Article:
The Daily Word of Righteousness

God's Unfolding Plan, #3

For if that first covenant had been faultless, then should no place have been sought for the second. For finding fault with them, he saith, Behold, the days come, saith the Lord, when I will make a new covenant with the house of Israel and with the house of Judah: (Hebrews 8:7,8)

Another aspect of current thinking is that the Christian Church has become Israel and the Divine blessing no longer applies to the physical land and people of Israel. God has not forgotten His chosen people. His gifts and calling are without repentance. The names of the sons of Jacob are engraved forever on the gates of the new Jerusalem.

The Scriptures do teach there has been a change of covenant, but we must balance this against another teaching of the Scriptures:

Known unto God are all his works from the creation of the world. (Acts 15:18)

According as he hath chosen us in him before the foundation of the world, that we should be holy and without blame before him in love: (Ephesians 1:4)

The fact that God knew the history of mankind in advance of its creation, that the elect were chosen from the beginning, that Christ was slain before Adam and Eve were placed in the garden, leads to but one conclusion: the dealings of God with man are not a series of starts and stops based on man's response to several different plans God has tried to see if they would work.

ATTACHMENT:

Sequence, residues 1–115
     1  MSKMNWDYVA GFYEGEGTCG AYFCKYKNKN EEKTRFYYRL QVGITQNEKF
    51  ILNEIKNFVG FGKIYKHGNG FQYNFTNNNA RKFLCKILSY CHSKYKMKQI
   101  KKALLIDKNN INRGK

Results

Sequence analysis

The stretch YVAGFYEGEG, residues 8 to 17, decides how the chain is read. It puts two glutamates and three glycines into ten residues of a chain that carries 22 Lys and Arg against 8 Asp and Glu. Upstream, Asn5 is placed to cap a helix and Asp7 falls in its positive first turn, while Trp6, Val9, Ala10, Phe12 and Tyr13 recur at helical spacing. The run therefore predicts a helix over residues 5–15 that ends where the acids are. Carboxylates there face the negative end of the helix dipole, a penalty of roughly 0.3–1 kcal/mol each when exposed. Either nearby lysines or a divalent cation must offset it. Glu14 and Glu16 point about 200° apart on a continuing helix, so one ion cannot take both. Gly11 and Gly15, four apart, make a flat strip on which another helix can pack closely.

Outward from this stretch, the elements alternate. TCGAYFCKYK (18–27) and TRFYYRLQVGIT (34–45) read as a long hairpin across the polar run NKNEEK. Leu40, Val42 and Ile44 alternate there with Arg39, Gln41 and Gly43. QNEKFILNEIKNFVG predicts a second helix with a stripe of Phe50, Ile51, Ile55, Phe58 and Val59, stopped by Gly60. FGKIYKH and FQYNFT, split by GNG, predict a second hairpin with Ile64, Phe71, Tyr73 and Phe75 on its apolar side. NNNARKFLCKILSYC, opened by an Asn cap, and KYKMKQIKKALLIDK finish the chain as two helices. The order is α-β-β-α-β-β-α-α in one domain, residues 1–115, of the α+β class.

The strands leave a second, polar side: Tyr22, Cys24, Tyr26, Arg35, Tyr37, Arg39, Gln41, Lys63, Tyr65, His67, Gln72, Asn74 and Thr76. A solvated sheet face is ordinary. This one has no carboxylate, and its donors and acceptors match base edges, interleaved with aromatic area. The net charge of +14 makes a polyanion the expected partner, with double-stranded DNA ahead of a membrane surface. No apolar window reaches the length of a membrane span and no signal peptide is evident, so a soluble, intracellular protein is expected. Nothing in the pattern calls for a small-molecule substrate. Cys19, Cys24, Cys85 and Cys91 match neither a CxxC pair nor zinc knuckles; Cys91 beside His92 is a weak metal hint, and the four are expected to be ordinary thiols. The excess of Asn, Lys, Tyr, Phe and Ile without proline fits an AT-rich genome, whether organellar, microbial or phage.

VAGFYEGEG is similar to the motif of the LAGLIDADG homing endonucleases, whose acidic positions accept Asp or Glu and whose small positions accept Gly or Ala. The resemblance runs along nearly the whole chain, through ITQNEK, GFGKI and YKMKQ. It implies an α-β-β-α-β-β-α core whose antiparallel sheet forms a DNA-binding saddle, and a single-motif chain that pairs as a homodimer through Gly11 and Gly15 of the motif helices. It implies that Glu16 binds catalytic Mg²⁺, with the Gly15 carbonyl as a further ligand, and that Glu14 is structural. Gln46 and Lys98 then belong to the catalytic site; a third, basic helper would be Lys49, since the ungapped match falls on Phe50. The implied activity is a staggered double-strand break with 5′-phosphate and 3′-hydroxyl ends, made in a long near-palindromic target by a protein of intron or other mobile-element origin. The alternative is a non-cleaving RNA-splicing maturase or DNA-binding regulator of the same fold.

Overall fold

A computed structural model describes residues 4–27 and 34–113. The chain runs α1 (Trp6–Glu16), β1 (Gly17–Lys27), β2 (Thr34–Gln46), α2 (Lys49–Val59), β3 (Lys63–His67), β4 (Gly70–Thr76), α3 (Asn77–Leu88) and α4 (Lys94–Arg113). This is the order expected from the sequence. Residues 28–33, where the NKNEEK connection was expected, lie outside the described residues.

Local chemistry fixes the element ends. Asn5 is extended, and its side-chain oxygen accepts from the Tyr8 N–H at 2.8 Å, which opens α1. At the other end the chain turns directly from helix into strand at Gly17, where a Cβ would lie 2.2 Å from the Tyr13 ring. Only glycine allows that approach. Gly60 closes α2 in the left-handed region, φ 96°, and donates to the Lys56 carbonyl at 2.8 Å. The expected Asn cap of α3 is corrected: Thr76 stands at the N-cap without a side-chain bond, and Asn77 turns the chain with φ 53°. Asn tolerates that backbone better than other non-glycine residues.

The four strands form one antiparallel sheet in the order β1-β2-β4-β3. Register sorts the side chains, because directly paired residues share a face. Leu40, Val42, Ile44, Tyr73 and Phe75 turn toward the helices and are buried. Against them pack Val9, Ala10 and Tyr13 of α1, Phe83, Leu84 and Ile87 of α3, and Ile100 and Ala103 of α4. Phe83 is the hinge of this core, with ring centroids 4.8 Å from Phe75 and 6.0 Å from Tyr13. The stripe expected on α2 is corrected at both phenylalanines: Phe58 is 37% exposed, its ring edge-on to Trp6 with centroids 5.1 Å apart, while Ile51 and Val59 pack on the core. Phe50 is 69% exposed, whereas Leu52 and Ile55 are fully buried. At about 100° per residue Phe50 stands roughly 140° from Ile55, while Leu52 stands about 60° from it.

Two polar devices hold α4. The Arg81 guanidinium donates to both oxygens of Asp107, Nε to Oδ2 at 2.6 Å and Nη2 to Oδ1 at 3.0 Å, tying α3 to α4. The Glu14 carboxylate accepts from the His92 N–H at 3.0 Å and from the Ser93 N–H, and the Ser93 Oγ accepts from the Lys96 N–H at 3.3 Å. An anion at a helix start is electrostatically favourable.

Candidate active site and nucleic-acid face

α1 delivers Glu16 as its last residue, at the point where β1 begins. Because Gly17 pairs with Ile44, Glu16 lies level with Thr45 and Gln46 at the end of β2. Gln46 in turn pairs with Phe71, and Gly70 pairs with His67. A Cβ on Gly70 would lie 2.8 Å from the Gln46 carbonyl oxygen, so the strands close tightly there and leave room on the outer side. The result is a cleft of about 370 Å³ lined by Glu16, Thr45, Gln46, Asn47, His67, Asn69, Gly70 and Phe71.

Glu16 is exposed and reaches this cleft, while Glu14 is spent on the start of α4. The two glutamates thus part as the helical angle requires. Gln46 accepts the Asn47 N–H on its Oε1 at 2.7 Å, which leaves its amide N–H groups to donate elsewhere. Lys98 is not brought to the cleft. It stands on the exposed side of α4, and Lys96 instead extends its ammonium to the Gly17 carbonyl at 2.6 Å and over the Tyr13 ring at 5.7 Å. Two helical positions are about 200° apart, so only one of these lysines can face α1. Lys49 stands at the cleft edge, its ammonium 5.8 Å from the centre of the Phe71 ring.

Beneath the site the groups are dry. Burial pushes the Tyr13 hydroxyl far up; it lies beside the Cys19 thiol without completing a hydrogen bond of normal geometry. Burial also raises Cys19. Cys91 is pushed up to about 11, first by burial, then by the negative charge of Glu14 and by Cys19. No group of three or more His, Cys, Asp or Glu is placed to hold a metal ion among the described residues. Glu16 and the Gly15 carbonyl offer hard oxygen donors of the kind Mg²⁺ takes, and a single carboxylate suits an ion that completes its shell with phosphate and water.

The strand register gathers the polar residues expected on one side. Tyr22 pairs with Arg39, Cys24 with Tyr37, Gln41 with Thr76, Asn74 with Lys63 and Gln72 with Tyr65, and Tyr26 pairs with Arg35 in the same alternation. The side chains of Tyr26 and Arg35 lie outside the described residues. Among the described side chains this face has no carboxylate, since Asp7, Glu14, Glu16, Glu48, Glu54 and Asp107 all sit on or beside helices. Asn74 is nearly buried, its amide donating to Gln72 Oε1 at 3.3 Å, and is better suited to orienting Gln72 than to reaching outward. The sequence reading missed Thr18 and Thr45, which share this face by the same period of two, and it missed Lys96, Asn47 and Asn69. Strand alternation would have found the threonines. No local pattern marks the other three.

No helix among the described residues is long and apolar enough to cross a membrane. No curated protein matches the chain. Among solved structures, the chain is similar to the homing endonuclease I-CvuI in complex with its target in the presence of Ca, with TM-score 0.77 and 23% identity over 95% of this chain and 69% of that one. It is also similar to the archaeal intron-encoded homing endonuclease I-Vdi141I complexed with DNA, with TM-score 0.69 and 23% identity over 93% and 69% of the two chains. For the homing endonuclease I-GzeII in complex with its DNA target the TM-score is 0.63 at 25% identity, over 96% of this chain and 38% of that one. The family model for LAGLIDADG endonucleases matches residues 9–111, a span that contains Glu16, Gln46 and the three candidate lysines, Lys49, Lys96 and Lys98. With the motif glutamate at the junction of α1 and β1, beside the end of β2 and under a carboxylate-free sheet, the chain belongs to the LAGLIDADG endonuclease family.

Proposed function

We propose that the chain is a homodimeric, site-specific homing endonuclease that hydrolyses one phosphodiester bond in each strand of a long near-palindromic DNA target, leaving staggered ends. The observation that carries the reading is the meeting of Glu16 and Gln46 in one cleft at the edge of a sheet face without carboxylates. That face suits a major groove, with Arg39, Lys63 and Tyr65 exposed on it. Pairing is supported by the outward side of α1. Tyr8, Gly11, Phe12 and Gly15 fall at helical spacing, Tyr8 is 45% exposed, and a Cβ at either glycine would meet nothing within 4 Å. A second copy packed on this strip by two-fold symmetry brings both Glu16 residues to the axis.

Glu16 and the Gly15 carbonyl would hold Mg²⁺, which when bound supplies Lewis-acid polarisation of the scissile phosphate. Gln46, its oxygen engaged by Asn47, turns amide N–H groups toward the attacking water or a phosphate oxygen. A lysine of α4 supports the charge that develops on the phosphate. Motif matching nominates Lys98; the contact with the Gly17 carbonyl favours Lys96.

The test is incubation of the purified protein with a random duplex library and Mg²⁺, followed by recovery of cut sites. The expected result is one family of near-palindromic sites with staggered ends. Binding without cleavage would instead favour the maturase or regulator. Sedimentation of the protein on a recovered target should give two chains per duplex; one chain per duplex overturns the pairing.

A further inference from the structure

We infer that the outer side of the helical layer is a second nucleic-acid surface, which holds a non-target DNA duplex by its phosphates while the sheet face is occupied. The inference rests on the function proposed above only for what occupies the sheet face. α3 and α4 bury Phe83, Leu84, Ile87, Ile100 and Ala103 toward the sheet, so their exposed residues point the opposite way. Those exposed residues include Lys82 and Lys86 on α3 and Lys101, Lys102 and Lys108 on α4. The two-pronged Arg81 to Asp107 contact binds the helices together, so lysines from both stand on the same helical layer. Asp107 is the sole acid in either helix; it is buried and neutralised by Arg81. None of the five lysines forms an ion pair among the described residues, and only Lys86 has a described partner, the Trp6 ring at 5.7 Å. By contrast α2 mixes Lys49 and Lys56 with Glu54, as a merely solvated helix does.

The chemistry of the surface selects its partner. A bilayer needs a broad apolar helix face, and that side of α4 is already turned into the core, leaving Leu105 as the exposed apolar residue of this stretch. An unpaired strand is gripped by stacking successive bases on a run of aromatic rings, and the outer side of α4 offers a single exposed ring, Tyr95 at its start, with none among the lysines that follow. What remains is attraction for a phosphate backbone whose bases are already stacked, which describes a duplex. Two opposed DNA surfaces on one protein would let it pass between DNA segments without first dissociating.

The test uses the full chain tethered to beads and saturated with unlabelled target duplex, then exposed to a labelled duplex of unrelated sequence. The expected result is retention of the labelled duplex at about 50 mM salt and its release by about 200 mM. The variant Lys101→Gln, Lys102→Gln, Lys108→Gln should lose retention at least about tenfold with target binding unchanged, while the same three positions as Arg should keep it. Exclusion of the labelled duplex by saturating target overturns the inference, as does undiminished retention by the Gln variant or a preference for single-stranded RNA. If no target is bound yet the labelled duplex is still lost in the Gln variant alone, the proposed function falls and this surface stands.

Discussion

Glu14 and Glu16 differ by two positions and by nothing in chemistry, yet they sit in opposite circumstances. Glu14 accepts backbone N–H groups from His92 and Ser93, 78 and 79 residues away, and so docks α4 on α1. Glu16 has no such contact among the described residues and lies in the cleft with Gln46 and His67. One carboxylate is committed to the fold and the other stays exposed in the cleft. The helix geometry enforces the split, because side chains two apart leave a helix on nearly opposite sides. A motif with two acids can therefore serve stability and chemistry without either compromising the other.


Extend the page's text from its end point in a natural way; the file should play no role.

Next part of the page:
God's working with man composes a progressive, ever-unfolding revelation of the Divine declaration announced at the outset: let us make man in our image; let us make man male and female; let us make him fruitful; let us give him dominion over the works of our hands.

There have been some changes in the Divine provisions, requirements, and opportunities so that spiritually enlightened man can proceed toward the fullness of what God always has intended for His sons and heirs; but there has been no change in the goals or plans.

The concept of God continually altering His expectations and tactics (as distinguished from the concept of a unified, progressive plan) has produced serious misunderstandings concerning God's intentions. Men are able to interpret God's covenants to mean something other than Micah 6:8. The Jews did this (Romans 2:17-29), and we Christians are doing the same thing. We are perceiving justification by grace through faith as the Divinely-ordained means of circumventing Micah 6:8. We are claiming that believing in Christ relieves us of the necessity for godly behavior. Are we not teaching "the just shall live by faith" means the most important action of a person is a profession of belief in Christ, and after his profession Divine grace excuses his conduct? We have made the Word of God of none effect by our traditions. Christ has become the justifier of an unholy, unrighteous, disobedient, self-centered, pleasure-loving, spiritually careless, worldly "church."

The current definition of the term "grace," along with the start-stop-change conception of God's relationship with His children, has caused us to misunderstand the process and goal of the new covenant.

Precisely what is Divine grace, especially as the term is used in describing the new covenant?

To be continued.